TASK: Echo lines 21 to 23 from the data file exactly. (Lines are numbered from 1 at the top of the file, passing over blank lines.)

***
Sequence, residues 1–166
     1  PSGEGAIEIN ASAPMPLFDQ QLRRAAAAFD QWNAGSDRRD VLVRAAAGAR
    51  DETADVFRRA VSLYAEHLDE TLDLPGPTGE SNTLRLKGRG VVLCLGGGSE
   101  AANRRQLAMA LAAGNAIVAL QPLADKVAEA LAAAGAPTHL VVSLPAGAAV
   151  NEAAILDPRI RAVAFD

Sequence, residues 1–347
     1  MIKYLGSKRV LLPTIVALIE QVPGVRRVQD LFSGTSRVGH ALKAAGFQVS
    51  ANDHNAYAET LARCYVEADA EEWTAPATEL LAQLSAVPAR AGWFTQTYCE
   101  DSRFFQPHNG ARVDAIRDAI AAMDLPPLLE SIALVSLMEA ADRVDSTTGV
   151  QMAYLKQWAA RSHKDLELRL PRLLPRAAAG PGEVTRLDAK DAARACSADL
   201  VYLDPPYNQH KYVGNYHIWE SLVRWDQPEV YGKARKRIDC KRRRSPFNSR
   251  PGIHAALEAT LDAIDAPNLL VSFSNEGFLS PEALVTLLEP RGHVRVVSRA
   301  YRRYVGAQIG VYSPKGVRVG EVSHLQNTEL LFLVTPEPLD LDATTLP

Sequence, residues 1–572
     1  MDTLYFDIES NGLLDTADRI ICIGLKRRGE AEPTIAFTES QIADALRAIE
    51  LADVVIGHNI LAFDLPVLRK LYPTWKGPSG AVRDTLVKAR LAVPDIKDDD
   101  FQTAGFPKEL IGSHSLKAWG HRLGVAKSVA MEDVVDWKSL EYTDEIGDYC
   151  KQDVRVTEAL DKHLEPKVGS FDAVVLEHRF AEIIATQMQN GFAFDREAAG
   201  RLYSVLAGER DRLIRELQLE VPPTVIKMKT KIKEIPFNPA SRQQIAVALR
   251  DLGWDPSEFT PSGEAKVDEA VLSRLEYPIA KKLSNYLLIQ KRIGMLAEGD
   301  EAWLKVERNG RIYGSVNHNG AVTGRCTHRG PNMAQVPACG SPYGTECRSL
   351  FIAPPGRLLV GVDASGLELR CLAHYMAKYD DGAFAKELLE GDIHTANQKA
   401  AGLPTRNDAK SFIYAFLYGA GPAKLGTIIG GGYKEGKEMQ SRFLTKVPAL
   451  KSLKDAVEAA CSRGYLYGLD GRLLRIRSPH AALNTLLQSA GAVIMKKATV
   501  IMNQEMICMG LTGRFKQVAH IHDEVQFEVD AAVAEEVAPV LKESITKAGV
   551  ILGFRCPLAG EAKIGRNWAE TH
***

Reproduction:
   301  EAWLKVERNG RIYGSVNHNG AVTGRCTHRG PNMAQVPACG SPYGTECRSL
   351  FIAPPGRLLV GVDASGLELR CLAHYMAKYD DGAFAKELLE GDIHTANQKA
   401  AGLPTRNDAK SFIYAFLYGA GPAKLGTIIG GGYKEGKEMQ SRFLTKVPAL